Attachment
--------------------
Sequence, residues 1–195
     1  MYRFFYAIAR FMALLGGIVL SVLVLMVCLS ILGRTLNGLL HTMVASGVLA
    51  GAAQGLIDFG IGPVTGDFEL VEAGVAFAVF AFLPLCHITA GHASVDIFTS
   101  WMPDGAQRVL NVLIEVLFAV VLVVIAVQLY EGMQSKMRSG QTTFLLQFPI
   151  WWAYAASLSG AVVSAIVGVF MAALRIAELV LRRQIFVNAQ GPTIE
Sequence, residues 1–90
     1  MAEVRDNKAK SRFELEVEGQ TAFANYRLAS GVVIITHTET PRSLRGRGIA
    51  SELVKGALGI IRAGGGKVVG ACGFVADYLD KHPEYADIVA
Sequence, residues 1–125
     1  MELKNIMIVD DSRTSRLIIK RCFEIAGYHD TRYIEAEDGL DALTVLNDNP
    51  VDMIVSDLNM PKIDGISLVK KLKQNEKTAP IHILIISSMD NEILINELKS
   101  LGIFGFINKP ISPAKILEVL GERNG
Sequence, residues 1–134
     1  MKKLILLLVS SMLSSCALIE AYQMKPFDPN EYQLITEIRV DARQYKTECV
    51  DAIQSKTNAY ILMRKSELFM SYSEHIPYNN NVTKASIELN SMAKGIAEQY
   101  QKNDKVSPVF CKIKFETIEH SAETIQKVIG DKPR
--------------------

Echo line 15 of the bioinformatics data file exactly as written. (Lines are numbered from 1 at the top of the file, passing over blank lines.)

    51  DAIQSKTNAY ILMRKSELFM SYSEHIPYNN NVTKASIELN SMAKGIAEQY